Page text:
Somerset’s Avalon Marshes’ landscape is perhaps best known for peat and water. These give the marshes their special character and have left a wonderful legacy of history and archaeology. For thousands of years people have been drawn to the area; once for food, fuel and safety; now for relaxation, wildlife and heritage.
Water creates richness: fish, wildfowl, lush vegetation, a means of transport and security. Early man exploited these riches and based themselves not only on the dry islands of the marshes and the adjoining hills but also in lake villages. Between these dry areas was a landscape of open water, reedswamp and wet woodland. As each succession of vegetation died layers of peat were formed. Over time the landscape changed and huge raised bogs formed. These wet landscapes were difficult to cross so early man set to work and built wooden trackways, the most famous of which is the Sweet Track.
Archaeology is a jigsaw with almost all of the pieces missing; organic material such as wood normally rots away. However, the Avalon Marshes peat deposits are very special; they have preserved an amazingly complete picture of past societies. The reason is their waterlogged condition has kept out the oxygen that would normally cause decay. Over the last 200 years numerous exciting archaeological discoveries have been made by peat cutters and archaeologists
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We also have a Pre-History Timeline which takes you, step by step, through this period.
The Romans lived on the edges of the marshes building villas, farming the higher lands and drawing on the natural wealth of the marshes. During this period salt water channels extended as far as Burtle. Salt was a highly valuable resource so they built “salterns” to extract the salt. Working in such a remote location the workers set up a profitable side-line; forging coins!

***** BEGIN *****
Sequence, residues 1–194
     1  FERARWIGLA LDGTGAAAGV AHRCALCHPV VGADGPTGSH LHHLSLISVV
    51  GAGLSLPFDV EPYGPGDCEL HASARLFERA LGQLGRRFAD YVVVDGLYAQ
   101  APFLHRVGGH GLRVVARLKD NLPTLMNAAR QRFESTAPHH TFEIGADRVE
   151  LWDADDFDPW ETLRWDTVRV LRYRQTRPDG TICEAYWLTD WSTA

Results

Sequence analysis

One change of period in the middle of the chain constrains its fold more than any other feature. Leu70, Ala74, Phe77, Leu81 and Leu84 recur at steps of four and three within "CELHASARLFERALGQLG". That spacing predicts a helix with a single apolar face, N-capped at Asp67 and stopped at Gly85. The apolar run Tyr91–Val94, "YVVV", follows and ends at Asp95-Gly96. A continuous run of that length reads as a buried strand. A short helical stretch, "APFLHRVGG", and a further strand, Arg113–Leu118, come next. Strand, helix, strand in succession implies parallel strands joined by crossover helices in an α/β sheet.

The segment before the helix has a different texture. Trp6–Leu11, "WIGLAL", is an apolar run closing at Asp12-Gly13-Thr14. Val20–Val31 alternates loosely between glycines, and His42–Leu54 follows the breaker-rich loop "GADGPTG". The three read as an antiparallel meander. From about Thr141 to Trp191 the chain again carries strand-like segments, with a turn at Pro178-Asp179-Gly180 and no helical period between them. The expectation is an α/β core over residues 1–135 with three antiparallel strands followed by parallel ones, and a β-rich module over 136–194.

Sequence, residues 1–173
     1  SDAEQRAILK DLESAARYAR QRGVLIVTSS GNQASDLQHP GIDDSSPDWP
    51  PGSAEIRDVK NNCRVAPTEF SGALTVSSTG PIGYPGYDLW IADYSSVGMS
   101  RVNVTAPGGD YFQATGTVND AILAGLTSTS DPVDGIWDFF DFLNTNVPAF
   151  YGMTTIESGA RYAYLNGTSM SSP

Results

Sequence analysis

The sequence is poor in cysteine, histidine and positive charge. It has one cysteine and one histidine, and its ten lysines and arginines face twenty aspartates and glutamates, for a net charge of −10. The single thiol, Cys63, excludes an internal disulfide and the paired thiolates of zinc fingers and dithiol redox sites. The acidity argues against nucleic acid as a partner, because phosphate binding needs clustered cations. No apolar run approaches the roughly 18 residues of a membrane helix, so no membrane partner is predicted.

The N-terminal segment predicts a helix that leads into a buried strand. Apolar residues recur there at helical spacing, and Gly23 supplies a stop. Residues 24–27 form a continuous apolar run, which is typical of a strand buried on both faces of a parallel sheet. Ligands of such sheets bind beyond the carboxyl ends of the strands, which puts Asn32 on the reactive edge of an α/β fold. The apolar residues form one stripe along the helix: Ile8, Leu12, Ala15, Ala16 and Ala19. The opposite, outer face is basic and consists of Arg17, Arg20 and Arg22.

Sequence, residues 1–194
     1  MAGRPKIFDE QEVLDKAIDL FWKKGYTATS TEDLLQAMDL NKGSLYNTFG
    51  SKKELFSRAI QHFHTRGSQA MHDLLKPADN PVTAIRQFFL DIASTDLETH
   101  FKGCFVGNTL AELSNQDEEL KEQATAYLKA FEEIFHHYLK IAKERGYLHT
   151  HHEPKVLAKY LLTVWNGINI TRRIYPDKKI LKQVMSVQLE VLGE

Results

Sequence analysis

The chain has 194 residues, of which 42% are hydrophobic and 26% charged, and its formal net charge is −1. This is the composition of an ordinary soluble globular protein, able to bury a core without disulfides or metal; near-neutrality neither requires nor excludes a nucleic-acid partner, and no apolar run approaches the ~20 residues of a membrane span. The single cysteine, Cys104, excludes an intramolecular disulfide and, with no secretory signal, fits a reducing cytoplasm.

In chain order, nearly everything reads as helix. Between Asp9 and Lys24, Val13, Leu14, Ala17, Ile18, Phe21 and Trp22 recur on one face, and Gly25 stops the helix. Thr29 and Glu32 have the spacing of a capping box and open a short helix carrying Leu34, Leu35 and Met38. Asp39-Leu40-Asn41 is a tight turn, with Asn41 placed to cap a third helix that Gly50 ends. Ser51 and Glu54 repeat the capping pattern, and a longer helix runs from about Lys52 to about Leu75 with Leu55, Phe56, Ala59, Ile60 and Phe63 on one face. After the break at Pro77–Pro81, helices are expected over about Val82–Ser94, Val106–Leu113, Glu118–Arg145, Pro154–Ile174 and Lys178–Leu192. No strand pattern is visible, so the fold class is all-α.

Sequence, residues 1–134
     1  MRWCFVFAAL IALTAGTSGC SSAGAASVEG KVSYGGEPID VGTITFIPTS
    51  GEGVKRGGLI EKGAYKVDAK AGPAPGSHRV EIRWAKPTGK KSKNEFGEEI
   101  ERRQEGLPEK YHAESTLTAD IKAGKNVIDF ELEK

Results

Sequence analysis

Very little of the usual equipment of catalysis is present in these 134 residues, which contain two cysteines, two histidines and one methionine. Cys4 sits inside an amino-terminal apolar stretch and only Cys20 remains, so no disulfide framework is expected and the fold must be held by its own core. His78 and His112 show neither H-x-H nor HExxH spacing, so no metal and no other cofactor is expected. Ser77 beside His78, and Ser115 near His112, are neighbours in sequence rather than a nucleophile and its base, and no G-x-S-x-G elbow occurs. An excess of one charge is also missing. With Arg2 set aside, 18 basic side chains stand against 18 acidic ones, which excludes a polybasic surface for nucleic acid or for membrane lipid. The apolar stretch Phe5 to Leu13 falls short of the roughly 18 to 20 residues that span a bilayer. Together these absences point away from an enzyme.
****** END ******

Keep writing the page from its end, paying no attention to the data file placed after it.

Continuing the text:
As times passed the importance of the marshes grew. The medieval church exploited its resources, starting to shape the landscape that we see today and leaving us a rich heritage; the iconic St Michael’s church on the Tor, Glastonbury Abbey, Meare Fish House and other fascinating places. Find out more about Meare and the Abbey.
The period that followed was often unsettled: dissolution, foreign wars, civil war and finally the Monmouth rebellion.
The peaceful revolutions of transport, industry and agriculture were the next big changes. These brought the construction of canals, railways, factories and houses all of which left their mark. These revolutions needed feeding not only with coal and iron but with food. The agricultural revolution left its legacy with the network of droves, rhynes and rectangular fields and the attractive farms of stone and brick.
War did not leave the marshes un-touched. Shapwick Village is one of the few “Thankful Villages” (no one from the village died in the First World War) and World War II left behind the Huntspill River and the defence line of pill boxes along the River Brue.
For many centuries peat was burnt as fuel. However, the twentieth century saw new uses, particularly for horticulture, and increased exploitation brought dramatic changes to the landscape. Its legacy is the network of reedbeds and lakes full of wildlife restored from the old peat workings. Although more recently the negative impact of peat digging on carbon storage and climate change has been recognised, it has left us with a fascinating social history which is at the heart of the local community.
Somerset has a wonderful and rich heritage with the Avalon Marshes at its heart. This film is a brief introduction.
Click on the icons below and watch this interesting film. Once started don’t forget to click on the “square” icon (bottom right) to watch full screen and turn the volume up.